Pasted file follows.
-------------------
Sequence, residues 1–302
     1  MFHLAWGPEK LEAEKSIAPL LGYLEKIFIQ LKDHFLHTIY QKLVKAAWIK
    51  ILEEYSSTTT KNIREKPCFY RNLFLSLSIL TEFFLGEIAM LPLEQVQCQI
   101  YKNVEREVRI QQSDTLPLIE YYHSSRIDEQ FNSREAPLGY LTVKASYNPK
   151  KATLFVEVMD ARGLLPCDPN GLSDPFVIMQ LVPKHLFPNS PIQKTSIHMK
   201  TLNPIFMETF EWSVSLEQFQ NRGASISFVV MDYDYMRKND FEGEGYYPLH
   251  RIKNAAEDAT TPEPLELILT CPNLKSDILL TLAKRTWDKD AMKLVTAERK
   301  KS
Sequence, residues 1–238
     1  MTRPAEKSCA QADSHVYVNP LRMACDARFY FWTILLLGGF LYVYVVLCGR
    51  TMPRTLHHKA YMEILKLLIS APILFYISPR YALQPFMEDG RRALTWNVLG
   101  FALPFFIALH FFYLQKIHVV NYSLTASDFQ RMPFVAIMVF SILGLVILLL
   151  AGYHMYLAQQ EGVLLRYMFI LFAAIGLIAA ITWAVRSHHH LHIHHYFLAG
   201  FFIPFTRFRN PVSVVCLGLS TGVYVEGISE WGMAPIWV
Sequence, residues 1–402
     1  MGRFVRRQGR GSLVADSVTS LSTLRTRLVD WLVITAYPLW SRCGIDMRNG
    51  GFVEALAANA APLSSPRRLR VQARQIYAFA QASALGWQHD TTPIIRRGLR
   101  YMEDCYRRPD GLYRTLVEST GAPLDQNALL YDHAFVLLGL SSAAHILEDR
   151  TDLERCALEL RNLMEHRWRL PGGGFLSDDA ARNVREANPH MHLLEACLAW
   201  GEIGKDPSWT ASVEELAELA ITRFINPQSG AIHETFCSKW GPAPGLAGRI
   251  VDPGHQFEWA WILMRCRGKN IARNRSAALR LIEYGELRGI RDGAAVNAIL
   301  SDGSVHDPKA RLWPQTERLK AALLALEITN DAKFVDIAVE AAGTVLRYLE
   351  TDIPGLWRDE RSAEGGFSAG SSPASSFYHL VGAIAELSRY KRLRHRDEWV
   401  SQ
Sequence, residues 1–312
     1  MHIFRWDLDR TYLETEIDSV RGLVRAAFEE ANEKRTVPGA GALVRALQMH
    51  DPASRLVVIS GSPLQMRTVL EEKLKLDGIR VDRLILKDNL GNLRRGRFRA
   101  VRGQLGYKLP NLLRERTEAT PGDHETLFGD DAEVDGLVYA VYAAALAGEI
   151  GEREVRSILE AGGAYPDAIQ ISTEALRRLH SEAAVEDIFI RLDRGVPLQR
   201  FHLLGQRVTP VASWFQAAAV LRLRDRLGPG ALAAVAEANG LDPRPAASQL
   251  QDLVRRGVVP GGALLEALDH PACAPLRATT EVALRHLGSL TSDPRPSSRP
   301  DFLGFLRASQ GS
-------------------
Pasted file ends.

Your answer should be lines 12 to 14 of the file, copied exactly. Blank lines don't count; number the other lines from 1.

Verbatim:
   101  FALPFFIALH FFYLQKIHVV NYSLTASDFQ RMPFVAIMVF SILGLVILLL
   151  AGYHMYLAQQ EGVLLRYMFI LFAAIGLIAA ITWAVRSHHH LHIHHYFLAG
   201  FFIPFTRFRN PVSVVCLGLS TGVYVEGISE WGMAPIWV